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Monday, June 11, 2012

The Power of Short Stories

 

I saw the movie Paycheck some 6 year ago and loved it. The basic premise and the way the story moved forward from one clue to another. While doing some net surfing today, I realized that Philip K Dick was a pretty famous and celebrated author and about 10 of his stories (not novels, just short stories) had been converted into Hollywood movies. One look at the list of movie and I was impressed. Minority Report and Paycheck were very much in this list and I was bowled over by the premise and plot of both these movie.

 

Well, I jus couldn't wait. I searched the internet and found both the short stories - Paycheck and Minority Report. So I am reading them now. It's amazing. How a complex and intriguing tale was written in the form of a 30 page short story.

 

Over the past year, I have become more of a short story reader (while I still read the 2-3 novels every month) and more I read, the more I realize that the authors of those times were wonderful creatures who fit in a story in a few pages. The trend now a days is to write long novels and publish them and back it up with multi-million marketing blitzkrieg to earn millions.

 

I have read the short stories by Canon Doyle (the entire series of 56 Sherlock Holmes short stories), the Feluda series and other short stories by Satyajit Ray. I remember reading magazines like Chandamama and Nandan in my childhood which had a lot of short stories. I have always enjoyed short stories but as I grew up, reading moved from short stories to novels. 

 

I guess the age of the short stories was first over shadowed by the short novels / novellas / longer short stories spanning about 80-100 pages ... short novels which might interest the teens and people and which were commercially sale'able independently; which was great and profitable for the publisher as well as the author). Slowly the interest in novellas increased and as people began to spend on 'single stories', novellas gave way to novels and the stories got longer. Commercialization meant that publishers want the authors to write longer novels so that they can charge a higher fee from the reader for the same story.

 

Of course, the market maturity also counts. I see a lot of 200-300 page novels getting published in India which cost in the range 100 to 200 ... but most of the American novels are in the range of 400 - 700 pages and cost 250 to 600 ... The spending-ability as well as spending-desire of the customer is also guiding the economics of book publishing ... The customer who is buying an English novel at 500 bucks is not readily willing to spend 300 on an Indian one. Everyone wants value for their monies and books are no different.  

 

As Indian reader begins to spend more and more on Indian authors, the publishers will also push their authors to write thicker novels which will cost more meaning more money for the publishers and the author.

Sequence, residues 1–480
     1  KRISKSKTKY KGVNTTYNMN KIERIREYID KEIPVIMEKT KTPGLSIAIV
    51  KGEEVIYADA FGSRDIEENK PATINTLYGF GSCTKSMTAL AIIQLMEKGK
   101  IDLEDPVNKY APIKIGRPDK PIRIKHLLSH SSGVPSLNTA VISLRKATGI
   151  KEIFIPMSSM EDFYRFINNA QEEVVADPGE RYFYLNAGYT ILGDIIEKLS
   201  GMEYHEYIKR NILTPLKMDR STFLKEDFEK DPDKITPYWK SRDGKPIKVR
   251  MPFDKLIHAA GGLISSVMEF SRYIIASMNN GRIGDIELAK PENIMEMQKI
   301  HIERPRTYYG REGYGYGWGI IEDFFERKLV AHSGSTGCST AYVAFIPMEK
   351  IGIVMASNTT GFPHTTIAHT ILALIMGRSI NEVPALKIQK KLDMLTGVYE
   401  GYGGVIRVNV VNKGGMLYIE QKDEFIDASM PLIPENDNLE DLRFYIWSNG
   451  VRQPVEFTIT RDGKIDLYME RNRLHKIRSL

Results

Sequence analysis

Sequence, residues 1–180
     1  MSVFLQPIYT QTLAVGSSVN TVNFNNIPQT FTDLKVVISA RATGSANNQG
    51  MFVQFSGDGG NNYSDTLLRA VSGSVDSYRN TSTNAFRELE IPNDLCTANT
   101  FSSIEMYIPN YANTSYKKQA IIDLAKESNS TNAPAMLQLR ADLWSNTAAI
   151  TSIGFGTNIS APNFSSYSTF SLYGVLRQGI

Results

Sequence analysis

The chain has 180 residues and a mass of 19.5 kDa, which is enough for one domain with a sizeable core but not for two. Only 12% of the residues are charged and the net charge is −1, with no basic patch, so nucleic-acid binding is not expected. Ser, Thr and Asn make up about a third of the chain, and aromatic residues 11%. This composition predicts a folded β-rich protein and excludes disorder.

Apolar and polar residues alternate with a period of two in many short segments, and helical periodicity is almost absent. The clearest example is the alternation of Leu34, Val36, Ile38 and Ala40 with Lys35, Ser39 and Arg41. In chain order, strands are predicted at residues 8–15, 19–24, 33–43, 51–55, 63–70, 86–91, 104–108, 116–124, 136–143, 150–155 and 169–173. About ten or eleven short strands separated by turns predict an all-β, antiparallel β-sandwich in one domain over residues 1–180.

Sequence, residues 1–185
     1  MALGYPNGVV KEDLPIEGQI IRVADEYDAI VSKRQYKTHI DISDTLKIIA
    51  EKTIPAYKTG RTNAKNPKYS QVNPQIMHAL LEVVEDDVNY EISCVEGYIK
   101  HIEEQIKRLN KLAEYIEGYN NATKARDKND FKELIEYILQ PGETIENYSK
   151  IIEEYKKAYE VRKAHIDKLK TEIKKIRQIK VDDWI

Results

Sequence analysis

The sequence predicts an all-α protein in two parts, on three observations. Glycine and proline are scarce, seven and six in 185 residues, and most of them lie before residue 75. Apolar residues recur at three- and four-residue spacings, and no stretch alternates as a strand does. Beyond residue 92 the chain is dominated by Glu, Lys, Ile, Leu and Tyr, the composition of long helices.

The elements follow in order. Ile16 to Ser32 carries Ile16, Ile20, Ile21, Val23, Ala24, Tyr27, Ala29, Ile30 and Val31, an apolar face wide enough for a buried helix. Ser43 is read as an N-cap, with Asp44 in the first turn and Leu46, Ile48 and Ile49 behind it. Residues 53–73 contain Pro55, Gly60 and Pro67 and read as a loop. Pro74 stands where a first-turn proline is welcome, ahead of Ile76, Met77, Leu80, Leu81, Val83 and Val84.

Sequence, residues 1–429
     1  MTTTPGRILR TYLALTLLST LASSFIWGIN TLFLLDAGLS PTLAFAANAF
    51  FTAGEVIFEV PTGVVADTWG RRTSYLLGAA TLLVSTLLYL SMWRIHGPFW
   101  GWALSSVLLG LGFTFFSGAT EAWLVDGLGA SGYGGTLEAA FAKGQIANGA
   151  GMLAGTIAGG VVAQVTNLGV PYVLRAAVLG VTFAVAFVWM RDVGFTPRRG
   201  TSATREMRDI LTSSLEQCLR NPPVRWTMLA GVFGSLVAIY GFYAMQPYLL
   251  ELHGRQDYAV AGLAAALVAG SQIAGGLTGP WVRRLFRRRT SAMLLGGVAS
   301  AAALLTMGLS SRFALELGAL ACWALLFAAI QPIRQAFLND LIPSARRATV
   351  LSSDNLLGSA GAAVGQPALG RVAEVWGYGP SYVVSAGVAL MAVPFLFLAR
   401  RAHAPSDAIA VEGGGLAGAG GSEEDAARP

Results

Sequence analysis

But wouldn't this also affect Quality ... OF COURSE IT WILL...

 

I read the first 4 Harry Potter novels way back in Jan 2002 ... loved them ... when the 5th one came; it was thicker than the earlier ones. It was good. The 6th one thicker than the 5th one and it was not that great (my personal opinion) and the last one ... I did not like it at all. It was as if the author was writing based on guidelines and deadlines received from the publisher rather than being guided by own thoughts and ideas.

 

I noticed something similar in a novel by one of my fav authors - Matthew Reilly. The first 2 books of his Jack West Jr. series were simply awesome and amazing (just like his other works) ... the third book felt like a disaster. It felt like being pushed to complete a wonderful dinner in 10 minutes flat. You know the stuff is good but you just can't enjoy. The story seemed too cramped up and felt like he was forced to write it. He wasn't the usual self in that book.

 

So definitely the quality is getting impacted

 

But coming back to short stories ... where do we find short stories NOW? 

Who is writing amazing short stories around these days? 

All I find is short stories written several decades ago.

 

Is the power of short stories lost in the world of commercial literature??? 

 

4 comments:

  1. People often also don;t read short stories because many a times they don't have the conventional beginning, middle and end. Most often, they end ambiguously as well which is not very easy to accept for hard core fans of the happy ending.

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  2. @Aakanksha Singh

    True. Authors take a lot of freedom in Short stories ... they have a story to tell and they ignore everything else like character development, scenic descriptions, even character descriptions are concise.

    Longer stories (novella and novel versions) have enough space for describing things at length ... and have their own charm.

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  3. Yes, but I still love short stories for their brevity and the fact that they provide fleeting moments of happiness, sadness and whatever else the writer wants to convey. I like this sense of brevity as it is magnified and yet also so brief that you need to cherish that moment forever. Much like Keats' Nightingale Ode. Am i making much sense? Sorry for rambling!!!

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  4. Your ramblings echo my own thoughts to some extent. Even I enjoy reading the shorts and since last year, I have been steadily increasing my short story reading count.

    I still read about 2-3 novels of varying lengths every month and have anywhere from 1- to 20 short stories across different series / authors / genres.

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